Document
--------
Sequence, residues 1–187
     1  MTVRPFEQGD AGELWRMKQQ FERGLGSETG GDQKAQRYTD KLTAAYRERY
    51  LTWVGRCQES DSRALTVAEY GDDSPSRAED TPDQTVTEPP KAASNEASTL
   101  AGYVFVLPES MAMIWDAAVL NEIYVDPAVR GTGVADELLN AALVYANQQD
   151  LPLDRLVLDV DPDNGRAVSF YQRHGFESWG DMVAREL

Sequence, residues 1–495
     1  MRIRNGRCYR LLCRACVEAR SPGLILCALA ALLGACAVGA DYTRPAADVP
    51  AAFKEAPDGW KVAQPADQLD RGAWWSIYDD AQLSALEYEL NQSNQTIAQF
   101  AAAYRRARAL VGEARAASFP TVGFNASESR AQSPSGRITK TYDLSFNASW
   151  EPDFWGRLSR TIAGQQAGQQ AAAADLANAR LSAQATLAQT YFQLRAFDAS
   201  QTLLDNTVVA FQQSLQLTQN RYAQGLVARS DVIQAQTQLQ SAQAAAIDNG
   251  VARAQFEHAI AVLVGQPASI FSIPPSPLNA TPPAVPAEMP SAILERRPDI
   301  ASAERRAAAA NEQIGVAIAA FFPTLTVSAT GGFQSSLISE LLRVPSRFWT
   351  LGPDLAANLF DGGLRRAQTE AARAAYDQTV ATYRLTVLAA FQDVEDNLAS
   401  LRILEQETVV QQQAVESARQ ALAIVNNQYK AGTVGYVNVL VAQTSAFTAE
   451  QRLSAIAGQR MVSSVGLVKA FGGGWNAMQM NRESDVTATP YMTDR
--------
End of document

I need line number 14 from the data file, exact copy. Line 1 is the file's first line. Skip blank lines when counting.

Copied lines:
   351  LGPDLAANLF DGGLRRAQTE AARAAYDQTV ATYRLTVLAA FQDVEDNLAS